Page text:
Tuesday, December 30, 2014
Another High-Rise for Hollywood
Yet another property near Hollywood's iconic Capitol Records Building is slated to give way for a tall mixed-use development.
Plans were filed with the City of Los Angeles earlier this month for a new residential-retail complex at 6220 West Yucca Street. The approximately one-acre property, currently occupied by a series of low-rise residential structures, would be redeveloped with a 21-story tower. The proposed building would include 277 residential units and 3,300 square feet of ground-floor commercial space.
Located at the southeast corner of Yucca Street and Argyle Avenue, the project is one of three high-rise developments planned for the same intersection.
East across Argyle Avenue, developer David Jordon is planning a 16-story tower on a property which once housed the broadcast facilities for radio station KFWB. The proposed 180-foot tall building, located at 6230 Yucca Street, would house 95 apartments and slightly under 14,000 square feet of commercial office space.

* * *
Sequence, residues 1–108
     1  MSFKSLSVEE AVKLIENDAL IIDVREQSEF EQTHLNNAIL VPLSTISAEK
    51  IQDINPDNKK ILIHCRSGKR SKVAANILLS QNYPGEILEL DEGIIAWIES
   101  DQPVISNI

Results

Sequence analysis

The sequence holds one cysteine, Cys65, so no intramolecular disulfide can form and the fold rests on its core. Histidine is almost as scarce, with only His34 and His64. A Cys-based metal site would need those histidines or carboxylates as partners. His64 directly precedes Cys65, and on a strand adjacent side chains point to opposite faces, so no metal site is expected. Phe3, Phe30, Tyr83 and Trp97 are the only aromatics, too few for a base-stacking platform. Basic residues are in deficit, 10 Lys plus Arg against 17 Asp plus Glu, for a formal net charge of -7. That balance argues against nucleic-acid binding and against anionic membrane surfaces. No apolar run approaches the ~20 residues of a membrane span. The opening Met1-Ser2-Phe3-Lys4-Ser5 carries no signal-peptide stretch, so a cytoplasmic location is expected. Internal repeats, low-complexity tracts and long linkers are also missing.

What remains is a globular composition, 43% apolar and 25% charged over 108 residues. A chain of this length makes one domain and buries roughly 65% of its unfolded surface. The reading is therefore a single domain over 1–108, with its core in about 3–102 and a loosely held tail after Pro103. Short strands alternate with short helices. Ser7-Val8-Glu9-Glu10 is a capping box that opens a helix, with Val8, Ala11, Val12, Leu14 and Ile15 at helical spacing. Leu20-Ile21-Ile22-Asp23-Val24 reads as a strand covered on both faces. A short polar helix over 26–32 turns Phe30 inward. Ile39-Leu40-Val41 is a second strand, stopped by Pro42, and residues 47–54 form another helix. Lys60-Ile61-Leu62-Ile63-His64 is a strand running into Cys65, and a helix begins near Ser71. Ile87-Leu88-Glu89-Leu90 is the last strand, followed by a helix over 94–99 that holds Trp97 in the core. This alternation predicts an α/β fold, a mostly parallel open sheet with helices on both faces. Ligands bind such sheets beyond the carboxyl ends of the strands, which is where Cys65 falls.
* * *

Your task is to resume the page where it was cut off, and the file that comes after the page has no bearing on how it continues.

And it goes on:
North across the intersection, a mid-century office building and an abutting parking lot are slated to be demolished for a new hotel. The project, which is being developed by Kimpton Hotels & Restaurants, would feature 225 guest rooms and 3,000 square feet of restaurant space. However, it is currently unclear if Kimpton's recent sale to the InterContinental Hotels Group will affect the proposed development.
All three of the properties are located near the California Geological Survey's estimated path of the Hollywood fault line, but outside of the 50-foot range in which new construction is prohibited. However, each project falls within the 500-foot zone on either side of the fault line which mandates stringent seismic testing for all proposed developments.
Earthquake safety has key issue in the ongoing debate over Hollywood's redevelopment. Opponents of the various office, residential, retail and office projects near Hollywood and Vine have argued that proximity to the fault line makes the neighborhood unsuitable for high-rise construction.